is an Assistant Professor of Organisational Theory at the Vrije Universiteit Amsterdam. Her research is situated at the intersection of organisational sociology, economic sociology, rural sociology and valuation studies. She investigates the relationship between organisation, waste and responsibility, with a focus on the role of standards and standardization. Her empirical attention is directed to food (waste).
is senior researcher and curator at the German Maritime Museum – Leibniz Institute for Maritime History in Bremerhaven, Germany. At the institute, he coordinates the exhibition and research area Ship and Environment. Trained as a cultural anthropologist and STS researcher his research interests range from feminist technoscience, kinship, reproduction, and the body to political ecology, marine and environmental anthropology and economies of waste. In recent years, his research has focused on what he calls “speculative ecologies”, such as the problematisation of microplastics or underwater munition in the ocean.
is currently a PhD student at the International Doctoral Program “Nature-Culture” at Faculty of “Artes Liberales” University of Warsaw. She is working on a dissertation concerning the natural and cultural status of post-nuclear spaces on the examples of Chernobyl’s and Fukushima’s exclusion zones. She is a head of the research grant (Bio)discourse after Catastrophe. The Natural-Cultural Status of Nuclear Disasters in Chernobyl and Fukushima. She received the Fulbright Junior Research Award for the year 2022-2023 and is currently a Visitor Researcher at Massachusetts Institute of Technology.
is working toward a Ph.D. at the Rachel Carson Center for Environment and Society in Munich, Germany. She is a part of the Emmy Noether Research Group “Hazardous Travels Ghost Acres and the Global Waste Economy,” funded by the German Research Foundation, where her work centers on hazardous waste trade, social inequalities, scrap recycling, and environmental activism. her work has been featured or is forthcoming in The Persistance of Technology: Histories of Repair, Reuse and Disposal, The SAGE Handbook of Global Social Theory, Soapbox Journal for Cultural Analysis, Environmental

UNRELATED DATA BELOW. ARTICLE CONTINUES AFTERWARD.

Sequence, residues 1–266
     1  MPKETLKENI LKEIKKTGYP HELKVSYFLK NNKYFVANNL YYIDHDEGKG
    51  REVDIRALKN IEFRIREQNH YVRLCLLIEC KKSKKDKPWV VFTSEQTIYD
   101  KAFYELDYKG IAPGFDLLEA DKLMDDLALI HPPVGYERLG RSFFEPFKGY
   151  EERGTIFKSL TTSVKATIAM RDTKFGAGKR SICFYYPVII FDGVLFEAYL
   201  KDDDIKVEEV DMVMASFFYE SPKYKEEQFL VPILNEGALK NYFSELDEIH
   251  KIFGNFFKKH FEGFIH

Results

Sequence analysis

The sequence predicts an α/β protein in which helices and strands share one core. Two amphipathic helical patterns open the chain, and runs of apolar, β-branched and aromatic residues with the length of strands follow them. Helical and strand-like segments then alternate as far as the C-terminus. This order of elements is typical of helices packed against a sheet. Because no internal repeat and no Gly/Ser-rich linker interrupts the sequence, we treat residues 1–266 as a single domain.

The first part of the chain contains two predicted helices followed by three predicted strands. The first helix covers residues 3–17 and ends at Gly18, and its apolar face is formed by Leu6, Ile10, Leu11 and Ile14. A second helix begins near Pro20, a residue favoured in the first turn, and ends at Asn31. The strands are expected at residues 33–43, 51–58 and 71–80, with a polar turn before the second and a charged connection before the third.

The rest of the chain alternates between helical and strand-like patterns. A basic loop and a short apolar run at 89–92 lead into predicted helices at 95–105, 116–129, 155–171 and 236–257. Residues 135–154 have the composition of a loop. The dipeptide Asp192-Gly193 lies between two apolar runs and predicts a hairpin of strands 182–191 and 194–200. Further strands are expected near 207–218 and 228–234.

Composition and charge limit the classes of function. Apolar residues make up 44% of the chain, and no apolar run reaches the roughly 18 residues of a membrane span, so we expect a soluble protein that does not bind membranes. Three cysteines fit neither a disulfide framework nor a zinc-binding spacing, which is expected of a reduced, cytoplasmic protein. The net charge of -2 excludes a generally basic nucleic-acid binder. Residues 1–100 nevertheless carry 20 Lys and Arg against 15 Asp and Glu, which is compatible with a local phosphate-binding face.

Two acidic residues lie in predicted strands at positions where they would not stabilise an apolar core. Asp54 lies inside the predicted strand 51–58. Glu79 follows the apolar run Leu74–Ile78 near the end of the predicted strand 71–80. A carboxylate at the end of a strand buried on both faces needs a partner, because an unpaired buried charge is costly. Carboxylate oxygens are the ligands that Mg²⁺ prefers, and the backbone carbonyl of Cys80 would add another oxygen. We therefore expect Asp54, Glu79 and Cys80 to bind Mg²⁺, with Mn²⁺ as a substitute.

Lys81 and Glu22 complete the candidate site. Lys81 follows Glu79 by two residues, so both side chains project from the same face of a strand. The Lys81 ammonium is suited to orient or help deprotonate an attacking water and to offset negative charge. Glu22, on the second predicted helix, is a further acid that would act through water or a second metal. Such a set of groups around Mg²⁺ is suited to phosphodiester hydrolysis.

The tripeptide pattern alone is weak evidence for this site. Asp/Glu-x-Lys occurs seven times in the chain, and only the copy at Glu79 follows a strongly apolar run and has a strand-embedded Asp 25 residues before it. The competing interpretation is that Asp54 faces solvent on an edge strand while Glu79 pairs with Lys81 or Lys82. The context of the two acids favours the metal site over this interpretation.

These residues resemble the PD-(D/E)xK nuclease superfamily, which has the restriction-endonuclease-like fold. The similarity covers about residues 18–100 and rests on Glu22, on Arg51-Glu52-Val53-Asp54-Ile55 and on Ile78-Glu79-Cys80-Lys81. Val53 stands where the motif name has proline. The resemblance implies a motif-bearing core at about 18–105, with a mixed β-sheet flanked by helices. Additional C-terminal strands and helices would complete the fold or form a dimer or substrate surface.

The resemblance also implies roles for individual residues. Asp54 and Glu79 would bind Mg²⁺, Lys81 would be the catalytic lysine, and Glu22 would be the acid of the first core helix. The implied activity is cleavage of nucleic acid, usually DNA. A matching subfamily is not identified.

is a postdoctoral researcher at the Department of Social Anthropology and Cultural Studies at the University of Zurich. As a cultural anthropologist and feminist STS scholar, her work focuses on urban resilience, technological megaprojects, and environmental issues related to water scarcity and waste abundance, mainly in Southeast Asia and Europe. Moreover, Kathrin is particularly interested in how other forms of ethnographic knowledge can be creatively shaped to provide alternative responses to climate change. She is the author of “Recycling Infrastructures in Cambodia. Circularity, Waste, and Urban Life in Phnom Penh” (Routledge, 2022).
is an Assistant Professor Human Geography with Focus Posthuman Studies, Department of Geography and Regional Science, University of Graz, Austria. She works at the intersections of human geography, environmental humanities, and science and technology studies (STS). Her focus is on qualitative and ethnographic environmental research, relational political ecology, environmental justice and more-than-human geography.
is currently a postdoctoral researcher and lecturer at the Institute of Political Science and the Center for Interdisciplinary Sustainability Research at the University of Münster, Germany. His research is centered on issues of environmental politics and governance, with a particular focus on the areas of waste governance, food governance, the politics of sustainable consumption, and the democracy-environment nexus. Within the “Waste in Motion” network, his expertise lies in the analysis of political regulatory efforts, classificatory practices and control mechanisms of different “waste goods” and the resulting negative externalities across borders.
is a senior researcher, Ethnology Institute, Dutch Academy of Sciences (KNAW), University of Amsterdam. She focuses on food, bodies, water, waste, infrastructures and sustainability. She is developing a new research approach to the relational study of the agricultural greenhouse complex, focusing empirically on the foci of horticultural production in the Netherlands and Spain. Both rely on similar infrastructures (greenhouses) and address water, waste, plants, and labor as resources to be managed.